skip to main content
OSTI.GOV title logo U.S. Department of Energy
Office of Scientific and Technical Information

Title: Assessment of mitochondrial dysfunction-related, drug-induced hepatotoxicity in primary rat hepatocytes

Abstract

Evidence that mitochondrial dysfunction plays a central role in drug-induced liver injury is rapidly accumulating. In contrast to physiological conditions, in which almost all adenosine triphosphate (ATP) in hepatocytes is generated in mitochondria via aerobic respiration, the high glucose content and limited oxygen supply of conventional culture systems force primary hepatocytes to generate most ATP via cytosolic glycolysis. Thus, such anaerobically poised cells are resistant to xenobiotics that impair mitochondrial function, and are not suitable to identify drugs with mitochondrial liabilities. In this study, primary rat hepatocytes were cultured in galactose-based medium, instead of the conventional glucose-based medium, and in hyperoxia to improve the reliance of energy generation on aerobic respiration. Activation of mitochondria was verified by diminished cellular lactate release and increased oxygen consumption. These conditions improved sensitivity to the mitochondrial complex I inhibitor rotenone. Since oxidative stress is also a general cause of mitochondrial impairment, cells were exposed to test compounds in the presence of transferrin to increase the generation of reactive oxygen species via increased uptake of iron. Finally, 14 compounds with reported mitochondrial liabilities were tested to validate this new drug-induced mitochondrial toxicity assay. Overall, the culture of primary rat hepatocytes in galactose, hyperoxia and transferrinmore » is a useful model for the identification of mitochondrial dysfunction-related drug-induced hepatotoxicity. - Highlights: • Drug-induced mitochondrial toxicity was evaluated using primary rat hepatocytes. • Galactose and hyperoxia could activate OXPHOS in primary rat hepatocytes. • Cells with enhanced OXPHOS exhibit improved sensitivity to mitochondrial toxins. • Transferrin potentiate mitochondrial toxicity via increased ROS production.« less

Authors:
;
Publication Date:
OSTI Identifier:
22689191
Resource Type:
Journal Article
Resource Relation:
Journal Name: Toxicology and Applied Pharmacology; Journal Volume: 302; Other Information: Copyright (c) 2016 Elsevier Science B.V., Amsterdam, The Netherlands, All rights reserved.; Country of input: International Atomic Energy Agency (IAEA)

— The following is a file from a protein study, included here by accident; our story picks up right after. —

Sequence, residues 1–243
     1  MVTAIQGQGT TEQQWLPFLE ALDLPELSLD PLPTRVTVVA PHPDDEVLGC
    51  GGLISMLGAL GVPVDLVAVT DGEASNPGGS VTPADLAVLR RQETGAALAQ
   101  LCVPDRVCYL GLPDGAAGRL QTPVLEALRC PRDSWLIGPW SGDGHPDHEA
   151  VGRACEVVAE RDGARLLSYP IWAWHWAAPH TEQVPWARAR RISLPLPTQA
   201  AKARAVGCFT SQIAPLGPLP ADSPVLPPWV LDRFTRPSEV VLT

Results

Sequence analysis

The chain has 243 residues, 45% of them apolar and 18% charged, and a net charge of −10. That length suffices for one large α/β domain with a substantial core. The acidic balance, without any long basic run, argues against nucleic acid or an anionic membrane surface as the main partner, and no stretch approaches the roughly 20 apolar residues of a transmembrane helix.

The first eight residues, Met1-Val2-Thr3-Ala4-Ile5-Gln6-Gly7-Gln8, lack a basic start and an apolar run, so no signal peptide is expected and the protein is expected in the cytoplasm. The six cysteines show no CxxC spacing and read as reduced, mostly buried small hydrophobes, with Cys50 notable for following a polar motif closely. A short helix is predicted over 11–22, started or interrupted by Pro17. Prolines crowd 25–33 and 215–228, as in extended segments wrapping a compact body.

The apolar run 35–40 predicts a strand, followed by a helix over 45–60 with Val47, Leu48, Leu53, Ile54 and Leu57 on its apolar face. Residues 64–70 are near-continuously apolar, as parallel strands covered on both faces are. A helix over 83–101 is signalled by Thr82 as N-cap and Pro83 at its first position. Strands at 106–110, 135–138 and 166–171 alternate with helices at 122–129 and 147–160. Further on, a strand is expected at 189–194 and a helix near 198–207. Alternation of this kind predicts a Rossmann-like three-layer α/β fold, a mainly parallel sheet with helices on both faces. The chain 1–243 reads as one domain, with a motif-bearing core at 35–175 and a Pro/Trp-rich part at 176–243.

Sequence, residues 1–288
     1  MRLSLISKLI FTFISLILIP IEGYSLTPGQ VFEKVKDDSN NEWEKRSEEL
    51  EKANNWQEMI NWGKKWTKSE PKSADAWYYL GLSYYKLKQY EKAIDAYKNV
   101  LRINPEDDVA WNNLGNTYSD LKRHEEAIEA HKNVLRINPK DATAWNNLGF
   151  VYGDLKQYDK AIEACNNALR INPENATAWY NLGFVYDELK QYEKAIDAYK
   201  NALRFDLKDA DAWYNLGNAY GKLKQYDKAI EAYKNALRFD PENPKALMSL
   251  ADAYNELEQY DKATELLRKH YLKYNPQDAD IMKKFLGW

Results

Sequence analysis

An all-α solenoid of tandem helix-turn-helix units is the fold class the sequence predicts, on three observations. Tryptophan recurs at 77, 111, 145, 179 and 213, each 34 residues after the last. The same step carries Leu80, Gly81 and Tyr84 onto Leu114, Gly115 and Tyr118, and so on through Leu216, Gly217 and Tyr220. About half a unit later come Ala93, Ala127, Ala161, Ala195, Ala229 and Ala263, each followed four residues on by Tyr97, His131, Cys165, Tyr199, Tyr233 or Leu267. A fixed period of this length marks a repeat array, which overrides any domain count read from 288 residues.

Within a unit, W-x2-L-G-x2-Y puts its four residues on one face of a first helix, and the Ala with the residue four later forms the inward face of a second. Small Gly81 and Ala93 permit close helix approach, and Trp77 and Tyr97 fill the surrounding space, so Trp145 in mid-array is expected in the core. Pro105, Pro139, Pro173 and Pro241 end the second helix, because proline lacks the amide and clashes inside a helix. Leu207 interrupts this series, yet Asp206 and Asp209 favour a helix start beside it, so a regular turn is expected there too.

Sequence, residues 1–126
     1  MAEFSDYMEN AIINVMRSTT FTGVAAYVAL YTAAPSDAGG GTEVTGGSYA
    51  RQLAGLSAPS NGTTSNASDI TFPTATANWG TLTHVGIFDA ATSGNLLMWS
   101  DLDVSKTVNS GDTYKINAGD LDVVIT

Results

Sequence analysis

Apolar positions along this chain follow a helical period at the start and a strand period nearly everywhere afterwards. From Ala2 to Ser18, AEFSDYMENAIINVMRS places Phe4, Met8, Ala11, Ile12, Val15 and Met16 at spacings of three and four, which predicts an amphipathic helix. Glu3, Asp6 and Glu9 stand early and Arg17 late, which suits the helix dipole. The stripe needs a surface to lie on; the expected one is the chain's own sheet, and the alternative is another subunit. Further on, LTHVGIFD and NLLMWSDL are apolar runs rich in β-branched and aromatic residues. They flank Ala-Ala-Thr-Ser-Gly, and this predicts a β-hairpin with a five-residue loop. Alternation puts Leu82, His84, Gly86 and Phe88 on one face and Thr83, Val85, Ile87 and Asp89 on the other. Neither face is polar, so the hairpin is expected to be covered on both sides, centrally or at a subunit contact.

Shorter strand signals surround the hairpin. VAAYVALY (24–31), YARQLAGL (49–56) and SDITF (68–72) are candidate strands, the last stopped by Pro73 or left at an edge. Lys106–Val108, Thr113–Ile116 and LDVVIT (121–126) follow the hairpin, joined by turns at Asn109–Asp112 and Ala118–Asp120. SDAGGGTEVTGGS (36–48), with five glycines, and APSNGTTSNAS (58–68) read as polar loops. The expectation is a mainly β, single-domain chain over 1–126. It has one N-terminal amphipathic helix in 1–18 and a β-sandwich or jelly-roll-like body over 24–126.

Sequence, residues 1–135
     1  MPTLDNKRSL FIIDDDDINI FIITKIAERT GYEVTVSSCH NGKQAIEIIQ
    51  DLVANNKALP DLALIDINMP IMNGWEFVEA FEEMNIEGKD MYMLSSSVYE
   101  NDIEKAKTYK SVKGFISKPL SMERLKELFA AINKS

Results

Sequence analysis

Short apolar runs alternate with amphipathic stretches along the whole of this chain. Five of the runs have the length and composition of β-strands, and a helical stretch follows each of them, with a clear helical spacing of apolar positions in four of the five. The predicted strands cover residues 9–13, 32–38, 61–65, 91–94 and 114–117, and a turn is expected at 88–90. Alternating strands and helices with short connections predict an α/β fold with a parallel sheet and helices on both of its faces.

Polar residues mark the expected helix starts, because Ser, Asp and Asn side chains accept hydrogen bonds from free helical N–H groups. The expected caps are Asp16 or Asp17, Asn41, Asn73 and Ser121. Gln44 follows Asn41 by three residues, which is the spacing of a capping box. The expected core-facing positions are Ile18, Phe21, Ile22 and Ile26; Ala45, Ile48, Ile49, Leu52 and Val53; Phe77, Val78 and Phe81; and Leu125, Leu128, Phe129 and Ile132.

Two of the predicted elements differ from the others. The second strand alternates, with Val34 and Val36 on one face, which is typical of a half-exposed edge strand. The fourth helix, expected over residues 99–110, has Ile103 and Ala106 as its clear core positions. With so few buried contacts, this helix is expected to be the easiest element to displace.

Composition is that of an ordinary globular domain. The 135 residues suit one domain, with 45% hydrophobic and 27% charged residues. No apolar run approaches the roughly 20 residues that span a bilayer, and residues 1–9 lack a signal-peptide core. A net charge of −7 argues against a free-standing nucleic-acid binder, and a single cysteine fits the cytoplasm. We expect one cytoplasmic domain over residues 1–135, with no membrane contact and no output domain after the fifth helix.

Country of Publication:
United States
Language:
English
Subject:
60 APPLIED LIFE SCIENCES; ADENOSINE; ATP; DRUGS; GALACTOSE; GLUCOSE; GLYCOLYSIS; INJURIES; IRON; LACTATES; LIVER; LIVER CELLS; MITOCHONDRIA; OXIDATION; OXYGEN; RATS; SENSITIVITY; TOXICITY; TOXINS; TRANSFERRIN

Citation Formats

Liu, Cong, and Sekine, Shuichi, E-mail: ssekine@facult. Assessment of mitochondrial dysfunction-related, drug-induced hepatotoxicity in primary rat hepatocytes. United States: N. p., 2016. Web. doi:10.1016/J.TAAP.2016.04.010.
Liu, Cong, & Sekine, Shuichi, E-mail: ssekine@facult. Assessment of mitochondrial dysfunction-related, drug-induced hepatotoxicity in primary rat hepatocytes. United States. doi:10.1016/J.TAAP.2016.04.010.
Liu, Cong, and Sekine, Shuichi, E-mail: ssekine@facult. Fri . "Assessment of mitochondrial dysfunction-related, drug-induced hepatotoxicity in primary rat hepatocytes". United States. doi:10.1016/J.TAAP.2016.04.010.
@article{osti_22689191,
title = {Assessment of mitochondrial dysfunction-related, drug-induced hepatotoxicity in primary rat hepatocytes},
author = {Liu, Cong and Sekine, Shuichi, E-mail: ssekine@facult},
abstractNote = {Evidence that mitochondrial dysfunction plays a central role in drug-induced liver injury is rapidly accumulating. In contrast to physiological conditions, in which almost all adenosine triphosphate (ATP) in hepatocytes is generated in mitochondria via aerobic respiration, the high glucose content and limited oxygen supply of conventional culture systems force primary hepatocytes to generate most ATP via cytosolic glycolysis. Thus, such anaerobically poised cells are resistant to xenobiotics that impair mitochondrial function, and are not suitable to identify drugs with mitochondrial liabilities. In this study, primary rat hepatocytes were cultured in galactose-based medium, instead of the conventional glucose-based medium, and in hyperoxia to improve the reliance of energy generation on aerobic respiration. Activation of mitochondria was verified by diminished cellular lactate release and increased oxygen consumption. These conditions improved sensitivity to the mitochondrial complex I inhibitor rotenone. Since oxidative stress is also a general cause of mitochondrial impairment, cells were exposed to test compounds in the presence of transferrin to increase the generation of reactive oxygen species via increased uptake of iron. Finally, 14 compounds with reported mitochondrial liabilities were tested to validate this new drug-induced mitochondrial toxicity assay. Overall, the culture of primary rat hepatocytes in galactose, hyperoxia and transferrin is a useful model for the identification of mitochondrial dysfunction-related drug-induced hepatotoxicity. - Highlights: • Drug-induced mitochondrial toxicity was evaluated using primary rat hepatocytes. • Galactose and hyperoxia could activate OXPHOS in primary rat hepatocytes. • Cells with enhanced OXPHOS exhibit improved sensitivity to mitochondrial toxins. • Transferrin potentiate mitochondrial toxicity via increased ROS production.},
doi = {10.1016/J.TAAP.2016.04.010},
journal = {Toxicology and Applied Pharmacology},
number = ,
volume = 302,
place = {United States},
year = {Fri Jul 01 00:00:00 EDT 2016},
month = {Fri Jul 01 00:00:00 EDT 2016}
}